Sources and updates, February 12

  • CDC committee recommends adding COVID-19 to childhood vaccine schedule: The CDC’s Advisory Committee on Immunization Practices (ACIP), which makes guidance on vaccination policies, issued a report this week recommending that COVID-19 vaccines be added to the standard childhood immunization regimen. Under the new guidelines, most children ages six months and older should receive two doses of a Moderna or Pfizer vaccine, followed by a bivalent/Omicron-specific booster shot. Immunocompromised children are eligible for additional doses.
  • KFF’s latest COVID-19 Vaccine Monitor focuses on winter surge: The Kaiser Family Foundation recently released the January 2023 update of its Vaccine Monitor project, which tracks U.S. sentiment around COVID-19 vaccines (and other pandemic topics) over time. In the latest round of surveys, KFF researchers found that about 38% of U.S. adults reported that “their households experienced either COVID-19, the flu, or RSV over the past month or so.” About 46% of adults reported that the news of these viruses made them more likely to take safety precautions. The report also includes data on bivalent booster shot uptake, behavior among immunocompromised people, and more.
  • New variants have yet to emerge from China, study suggests: A new paper from researchers at the Beijing Center for Disease Prevention and Control, published in The Lancet this week, found that COVID-19 cases in China during November and December 2022 were primarily driven by the Omicron subvariants BA.5.2 and BF.7. Both of these lineages entered China from other countries, rather than evolving during the country’s surge following the end of its “zero COVID” policies. The new paper is good news for global health experts who’ve been worried about new variants emerging from China, though outside reviewers have cautioned that it’s only one small snapshot of cases in the country, according to reporting by POLITICO EU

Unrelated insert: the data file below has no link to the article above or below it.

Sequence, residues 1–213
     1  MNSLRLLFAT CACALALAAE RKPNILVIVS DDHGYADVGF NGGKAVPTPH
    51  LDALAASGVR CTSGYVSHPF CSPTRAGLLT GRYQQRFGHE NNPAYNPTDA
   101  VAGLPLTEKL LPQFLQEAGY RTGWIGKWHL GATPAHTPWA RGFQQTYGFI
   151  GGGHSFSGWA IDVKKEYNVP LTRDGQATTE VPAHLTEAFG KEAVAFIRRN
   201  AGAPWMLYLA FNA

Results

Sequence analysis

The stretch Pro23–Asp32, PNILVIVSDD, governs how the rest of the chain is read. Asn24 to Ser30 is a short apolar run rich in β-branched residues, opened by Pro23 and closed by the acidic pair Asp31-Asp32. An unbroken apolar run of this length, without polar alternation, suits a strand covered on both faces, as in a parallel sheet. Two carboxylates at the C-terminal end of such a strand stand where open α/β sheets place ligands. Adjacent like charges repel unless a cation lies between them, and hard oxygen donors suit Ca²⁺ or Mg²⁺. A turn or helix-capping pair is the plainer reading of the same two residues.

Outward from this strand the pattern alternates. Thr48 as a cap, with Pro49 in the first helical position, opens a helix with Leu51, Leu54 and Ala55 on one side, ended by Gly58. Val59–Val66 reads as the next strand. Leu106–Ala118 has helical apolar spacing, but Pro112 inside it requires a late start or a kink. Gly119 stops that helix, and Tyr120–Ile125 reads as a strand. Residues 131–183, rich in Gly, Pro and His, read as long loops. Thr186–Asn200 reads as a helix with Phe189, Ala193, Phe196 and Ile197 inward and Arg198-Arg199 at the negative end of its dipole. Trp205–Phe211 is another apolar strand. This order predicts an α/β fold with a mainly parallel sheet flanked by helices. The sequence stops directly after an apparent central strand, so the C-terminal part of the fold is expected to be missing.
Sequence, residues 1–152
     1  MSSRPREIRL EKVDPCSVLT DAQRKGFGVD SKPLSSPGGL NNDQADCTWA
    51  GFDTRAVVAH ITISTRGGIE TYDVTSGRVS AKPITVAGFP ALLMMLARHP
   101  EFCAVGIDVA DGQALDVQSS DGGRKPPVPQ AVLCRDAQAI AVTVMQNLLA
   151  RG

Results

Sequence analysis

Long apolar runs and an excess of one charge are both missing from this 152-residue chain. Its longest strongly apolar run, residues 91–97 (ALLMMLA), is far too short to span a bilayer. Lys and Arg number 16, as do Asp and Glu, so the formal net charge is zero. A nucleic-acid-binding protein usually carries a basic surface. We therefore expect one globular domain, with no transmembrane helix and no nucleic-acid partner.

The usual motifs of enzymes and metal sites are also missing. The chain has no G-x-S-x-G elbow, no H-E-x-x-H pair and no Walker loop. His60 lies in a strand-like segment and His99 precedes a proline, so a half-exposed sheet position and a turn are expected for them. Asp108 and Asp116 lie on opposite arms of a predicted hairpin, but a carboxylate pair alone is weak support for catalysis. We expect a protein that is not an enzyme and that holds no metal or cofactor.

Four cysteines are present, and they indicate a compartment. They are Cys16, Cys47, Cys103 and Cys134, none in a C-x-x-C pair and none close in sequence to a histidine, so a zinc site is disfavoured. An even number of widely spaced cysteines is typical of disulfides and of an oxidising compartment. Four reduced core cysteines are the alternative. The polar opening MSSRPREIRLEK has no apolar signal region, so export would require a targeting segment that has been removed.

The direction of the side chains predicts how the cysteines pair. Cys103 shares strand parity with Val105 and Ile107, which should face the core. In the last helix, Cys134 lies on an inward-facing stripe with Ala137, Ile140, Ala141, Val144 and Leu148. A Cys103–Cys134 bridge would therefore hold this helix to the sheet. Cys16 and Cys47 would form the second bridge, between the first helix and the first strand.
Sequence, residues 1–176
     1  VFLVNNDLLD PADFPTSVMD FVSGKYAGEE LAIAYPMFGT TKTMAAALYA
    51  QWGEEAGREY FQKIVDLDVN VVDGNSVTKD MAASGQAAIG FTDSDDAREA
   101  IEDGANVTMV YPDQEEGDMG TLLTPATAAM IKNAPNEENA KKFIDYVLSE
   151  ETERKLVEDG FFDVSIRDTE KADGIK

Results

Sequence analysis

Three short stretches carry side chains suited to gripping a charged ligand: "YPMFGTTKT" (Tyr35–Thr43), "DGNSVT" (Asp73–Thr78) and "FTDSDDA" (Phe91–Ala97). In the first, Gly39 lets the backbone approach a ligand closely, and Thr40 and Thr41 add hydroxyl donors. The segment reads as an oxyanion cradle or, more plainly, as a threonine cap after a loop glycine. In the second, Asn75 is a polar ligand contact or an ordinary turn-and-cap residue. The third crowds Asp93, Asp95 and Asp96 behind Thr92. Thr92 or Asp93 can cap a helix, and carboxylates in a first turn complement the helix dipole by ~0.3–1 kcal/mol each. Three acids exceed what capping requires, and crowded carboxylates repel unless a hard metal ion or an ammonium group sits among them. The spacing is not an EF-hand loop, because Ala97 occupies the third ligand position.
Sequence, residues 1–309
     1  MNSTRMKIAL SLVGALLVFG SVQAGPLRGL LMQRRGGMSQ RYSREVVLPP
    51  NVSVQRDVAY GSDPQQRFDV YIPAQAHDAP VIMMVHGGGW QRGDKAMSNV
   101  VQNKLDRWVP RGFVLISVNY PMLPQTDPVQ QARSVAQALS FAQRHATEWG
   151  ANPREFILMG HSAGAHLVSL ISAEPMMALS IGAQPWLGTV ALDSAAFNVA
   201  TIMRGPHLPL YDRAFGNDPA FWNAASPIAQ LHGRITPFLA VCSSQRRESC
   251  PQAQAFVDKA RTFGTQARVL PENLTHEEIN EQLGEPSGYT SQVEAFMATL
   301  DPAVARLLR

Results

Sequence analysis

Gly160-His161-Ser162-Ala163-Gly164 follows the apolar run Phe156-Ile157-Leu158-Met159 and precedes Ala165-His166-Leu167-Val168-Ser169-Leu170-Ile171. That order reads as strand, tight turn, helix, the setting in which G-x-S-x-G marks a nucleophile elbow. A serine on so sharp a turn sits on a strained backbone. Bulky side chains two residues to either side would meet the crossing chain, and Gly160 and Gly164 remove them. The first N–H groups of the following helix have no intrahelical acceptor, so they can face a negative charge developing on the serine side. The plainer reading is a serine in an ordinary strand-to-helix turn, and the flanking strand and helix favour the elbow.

• Wastewater surveillance has a global health equity problem: Another study that caught my attention this week was a paper from the COVIDPoops19 team at the University of California Merced, summarizing findings from their global wastewater dashboard. The team reviewed wastewater surveillance projects at over 200 universities, 1,400 sites, and 55 countries, and found that monitoring primarily occurred in high-income countries. The researchers also examined open access to data, finding that high-income countries were better at sharing information with researchers and with the public. For wastewater-based epidemiology to reach its full potential, “show us the data,” the team writes in their paper’s abstract.
  • Microbiome research shows promise for understanding ME/CFS: In one more piece of research news: two recent studies suggest that the gut microbiome could play a role in causing myalgic encephalomyelitis/chronic fatigue syndrome (ME/CFS), a debilitating chronic disease that often occurs after viral infection. In research projects funded by the National Institutes of Health, scientists found specific changes to gut bacteria that were associated with ME/CFS patients. These changes could potentially be used as biomarkers to diagnose ME/CFS and as starting points for treatment. The new research also has potential implications for Long COVID, as many Long COVID patients meet the diagnostic criteria for ME/CFS.

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